Making nice with Moody...

Stereotypes are often not all they're cracked up to be... 

As a student of what's often considered to be one of the more "progressive" or "liberal" seminaries located in the Chicagoland area, my classmates and I often make jokes about those students of the more conservative schools in the city, one of which is Moody Bible Institute. I would be lying if I said I didn't hold in my head images and stereotypes of what these students are like. I would also be lying if I said I was always right.

A good friend of mine (and one of my former neighbors) is now a student at Moody. A short while ago, he asked to meet up and talk, to catch up. I said sure. During out conversation, he had a favor to ask of me. One of his classes this semester is on cross-cultural missions, and a requirement is that he and a small group write a paper and offer a presentation based on their interactions with a person who is a member of a different population. As a gay friend of his who is in seminary and pursuing a vocation in ministry, he thought I would be a great person for him and his classmates to interview. He also thought I would enjoy the opportunity to "talk shop" with people whose theological frameworks might be different from my own.

...He couldn't have been more right

...I couldn't have been more wrong

I just returned from my second meeting with the group, and in both encounters, I felt such a presence of love, acceptance, and genuine listening, one that I haven't really felt in a while, and one that blows the lid off of some of the stereotypes my friends and I have surmised about students from the inner city institution. Their questions were deep, their responses showed a sincere desire to understand my experience, and their demeanor was loving, empathic, and authentically loving.

I love talking theology, but over the years as my own theology has been transformed and become broader in scope, I've been hesitant to engage those whom I believe to be more conservative than myself, fearing rejection or ostracism. However, these new friends were nothing short of kind and loving, even as I made statements and theological claims that most "evangelicals" would consider staunchly blasphemous. One of the group members asked me about the tagline on this site, the whole "thoughts and ramblings of a self-avowed, practicing heretic." I told him that, as I understand it, heretics are not necessarily wrong in their beliefs. They simply came out on the losing side of a theological debate. They are the minority, the marginalized, and as such, I'd prefer to align myself with them than with the doctrinal majority, even if we disagreed. That is why I identify the way that I do. It's about empathy. It's about solidarity.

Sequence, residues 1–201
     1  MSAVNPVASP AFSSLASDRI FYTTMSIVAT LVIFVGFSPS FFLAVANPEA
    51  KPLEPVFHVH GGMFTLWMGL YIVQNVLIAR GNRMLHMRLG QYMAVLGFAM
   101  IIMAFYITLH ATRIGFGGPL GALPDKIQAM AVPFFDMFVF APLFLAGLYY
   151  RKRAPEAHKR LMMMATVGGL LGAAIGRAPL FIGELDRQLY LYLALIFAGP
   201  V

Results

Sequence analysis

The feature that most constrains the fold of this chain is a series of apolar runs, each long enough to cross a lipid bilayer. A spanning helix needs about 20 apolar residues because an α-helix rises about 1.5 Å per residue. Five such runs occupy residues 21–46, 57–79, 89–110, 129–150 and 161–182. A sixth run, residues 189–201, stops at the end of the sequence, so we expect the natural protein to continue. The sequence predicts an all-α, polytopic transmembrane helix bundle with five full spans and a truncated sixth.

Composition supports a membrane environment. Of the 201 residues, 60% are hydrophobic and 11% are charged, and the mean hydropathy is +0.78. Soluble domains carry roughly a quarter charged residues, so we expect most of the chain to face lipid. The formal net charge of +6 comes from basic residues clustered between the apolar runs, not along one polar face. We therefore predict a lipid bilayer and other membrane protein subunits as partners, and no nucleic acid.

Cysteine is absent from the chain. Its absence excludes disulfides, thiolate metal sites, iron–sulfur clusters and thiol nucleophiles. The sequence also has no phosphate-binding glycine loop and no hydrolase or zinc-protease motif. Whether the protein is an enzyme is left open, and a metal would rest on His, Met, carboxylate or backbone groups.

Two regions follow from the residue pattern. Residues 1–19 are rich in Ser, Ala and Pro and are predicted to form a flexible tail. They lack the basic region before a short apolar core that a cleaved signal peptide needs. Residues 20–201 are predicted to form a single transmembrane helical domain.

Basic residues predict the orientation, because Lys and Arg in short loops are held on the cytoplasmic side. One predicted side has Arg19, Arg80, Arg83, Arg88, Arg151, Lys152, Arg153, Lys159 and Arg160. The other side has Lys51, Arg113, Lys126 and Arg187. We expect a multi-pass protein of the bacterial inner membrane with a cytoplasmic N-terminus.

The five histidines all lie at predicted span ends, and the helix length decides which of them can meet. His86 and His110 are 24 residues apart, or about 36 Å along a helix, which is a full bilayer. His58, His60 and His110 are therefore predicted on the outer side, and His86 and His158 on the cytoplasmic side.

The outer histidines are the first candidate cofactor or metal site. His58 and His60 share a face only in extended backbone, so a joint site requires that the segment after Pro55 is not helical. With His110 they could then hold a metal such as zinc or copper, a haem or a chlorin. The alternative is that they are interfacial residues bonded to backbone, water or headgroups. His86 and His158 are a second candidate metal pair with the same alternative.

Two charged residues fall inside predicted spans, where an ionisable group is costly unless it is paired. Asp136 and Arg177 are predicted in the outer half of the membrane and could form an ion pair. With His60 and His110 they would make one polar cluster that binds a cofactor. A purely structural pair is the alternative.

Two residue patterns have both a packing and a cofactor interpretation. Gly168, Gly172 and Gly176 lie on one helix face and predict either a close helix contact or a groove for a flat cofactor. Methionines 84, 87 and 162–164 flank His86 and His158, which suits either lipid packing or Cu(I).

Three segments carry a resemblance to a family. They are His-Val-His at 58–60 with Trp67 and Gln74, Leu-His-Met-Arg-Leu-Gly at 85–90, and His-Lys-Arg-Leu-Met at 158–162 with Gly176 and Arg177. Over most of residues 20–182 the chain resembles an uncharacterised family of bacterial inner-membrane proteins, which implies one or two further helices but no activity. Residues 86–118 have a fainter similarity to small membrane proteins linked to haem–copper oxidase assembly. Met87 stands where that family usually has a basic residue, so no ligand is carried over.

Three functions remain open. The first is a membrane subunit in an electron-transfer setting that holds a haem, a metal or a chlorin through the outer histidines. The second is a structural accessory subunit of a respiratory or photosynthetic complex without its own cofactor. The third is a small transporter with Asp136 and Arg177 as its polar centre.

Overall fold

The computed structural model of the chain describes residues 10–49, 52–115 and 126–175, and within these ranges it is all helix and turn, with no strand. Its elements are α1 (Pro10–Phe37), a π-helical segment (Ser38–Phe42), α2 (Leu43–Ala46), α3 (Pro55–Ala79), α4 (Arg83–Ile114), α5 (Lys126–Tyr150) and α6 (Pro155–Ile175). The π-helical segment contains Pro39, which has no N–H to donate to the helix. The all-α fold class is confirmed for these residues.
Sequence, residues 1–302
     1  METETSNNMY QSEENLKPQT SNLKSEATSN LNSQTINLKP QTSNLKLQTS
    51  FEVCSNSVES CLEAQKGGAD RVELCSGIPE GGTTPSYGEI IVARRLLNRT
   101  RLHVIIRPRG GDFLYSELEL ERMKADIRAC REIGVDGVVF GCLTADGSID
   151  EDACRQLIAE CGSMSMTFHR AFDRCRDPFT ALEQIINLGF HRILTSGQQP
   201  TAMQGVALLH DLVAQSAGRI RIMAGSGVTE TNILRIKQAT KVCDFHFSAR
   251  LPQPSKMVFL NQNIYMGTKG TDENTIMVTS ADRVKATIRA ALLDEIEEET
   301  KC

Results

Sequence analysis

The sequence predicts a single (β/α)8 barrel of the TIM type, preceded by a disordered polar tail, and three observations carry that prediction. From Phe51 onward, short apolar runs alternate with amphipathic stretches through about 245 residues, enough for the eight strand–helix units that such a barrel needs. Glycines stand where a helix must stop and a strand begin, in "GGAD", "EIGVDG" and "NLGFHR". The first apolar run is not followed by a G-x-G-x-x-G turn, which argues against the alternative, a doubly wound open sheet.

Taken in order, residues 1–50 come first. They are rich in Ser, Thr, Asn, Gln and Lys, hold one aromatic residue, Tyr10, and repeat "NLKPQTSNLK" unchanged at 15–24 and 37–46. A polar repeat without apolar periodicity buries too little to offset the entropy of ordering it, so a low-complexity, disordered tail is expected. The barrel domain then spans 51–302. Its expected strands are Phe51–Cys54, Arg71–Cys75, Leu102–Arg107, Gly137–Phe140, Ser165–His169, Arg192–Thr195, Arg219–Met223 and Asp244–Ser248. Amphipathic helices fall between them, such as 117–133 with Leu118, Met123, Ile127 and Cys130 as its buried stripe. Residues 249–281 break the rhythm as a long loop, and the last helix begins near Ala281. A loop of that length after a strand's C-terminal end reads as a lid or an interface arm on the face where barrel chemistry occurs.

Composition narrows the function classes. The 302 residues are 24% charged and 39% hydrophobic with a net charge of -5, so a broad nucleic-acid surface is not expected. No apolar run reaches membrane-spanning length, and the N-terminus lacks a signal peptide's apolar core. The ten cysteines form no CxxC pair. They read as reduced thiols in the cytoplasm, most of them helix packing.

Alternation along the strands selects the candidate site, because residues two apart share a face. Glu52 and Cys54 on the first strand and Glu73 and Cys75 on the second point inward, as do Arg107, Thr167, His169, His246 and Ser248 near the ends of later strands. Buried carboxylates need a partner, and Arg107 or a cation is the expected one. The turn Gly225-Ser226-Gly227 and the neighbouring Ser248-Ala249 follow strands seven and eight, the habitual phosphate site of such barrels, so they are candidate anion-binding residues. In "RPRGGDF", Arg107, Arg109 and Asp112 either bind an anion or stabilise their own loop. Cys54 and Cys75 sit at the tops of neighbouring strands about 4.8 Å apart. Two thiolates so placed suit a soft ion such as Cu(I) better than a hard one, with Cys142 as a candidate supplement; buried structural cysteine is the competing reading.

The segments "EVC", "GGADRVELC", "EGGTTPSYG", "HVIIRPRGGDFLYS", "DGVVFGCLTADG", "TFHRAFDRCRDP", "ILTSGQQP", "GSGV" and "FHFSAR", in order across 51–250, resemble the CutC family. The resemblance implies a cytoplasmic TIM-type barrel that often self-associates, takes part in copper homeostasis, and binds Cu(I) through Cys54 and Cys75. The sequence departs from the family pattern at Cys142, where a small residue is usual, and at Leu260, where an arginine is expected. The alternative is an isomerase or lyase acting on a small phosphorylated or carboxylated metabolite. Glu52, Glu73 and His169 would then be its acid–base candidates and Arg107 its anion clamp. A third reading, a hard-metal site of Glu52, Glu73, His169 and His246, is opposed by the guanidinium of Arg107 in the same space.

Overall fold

Between the two meetings, the number of times I was thanked for my willingness to participate and engage was gratuitous, as if I'd made some gargantuan contribution. In all honesty, the sessions were a blessing for me, a chance to break down some of the assumptions and presuppositions that I've built up about conservative Christians. It was an opportunity to develop trust for people I'd been advised to distrust, to tear down the skepticism for those I'd been told were not the best influences on my life. The conversations I shared with these people, the hugs, the words have re-instilled in me a certain hopefulness.

We talked about my experiences with Exodus International and Living Hope Ministries, my time in reparative therapy, my years away from the Church, and my eventual return to it. We discussed shame, sex, self-worth, and suicide. I never once felt judged. In fact, I never once felt anything but loved, respected, or admired even. I don't know why this is—I was just being myself. But these people made me feel, even more so than my own denomination had at times, that my call to ministry is real, and that my sexuality is an innate, intrinsic part of what makes my call so vital to the future life of the community of the people of God. These new friends offered me a healing that I have so desperately needed over the last few months. Odds are, prior to reading this, they didn't even realize the gift they have given me.

These new friends, contrary to what some might think of them based on their institutional affiliation, were truly Jesus to me...

I wish some of my seminary colleagues had the chance I had to meet and speak with these amazing new friends. I wish they realized the harm that is potentially done when we build walls based on labels and identifiers that do nothing but limit relationships. Regardless of what differences exist between myself and my new friends from the missions-oriented mecca, the fact remains that their call is the same as mine, their love for Jesus aligns with my own, and their hopes for the world share more in common with my hopes than they are different from them.

An institution does not define its community members and participants. Just as the students at Garrett are diverse and are not defined by the school, so also are the students at Moody and countless other institutions. We might be different, but we're also the same. We're all God's beloved, called to change the world, called to love with the love of the Redeeming One. This is community. This is love.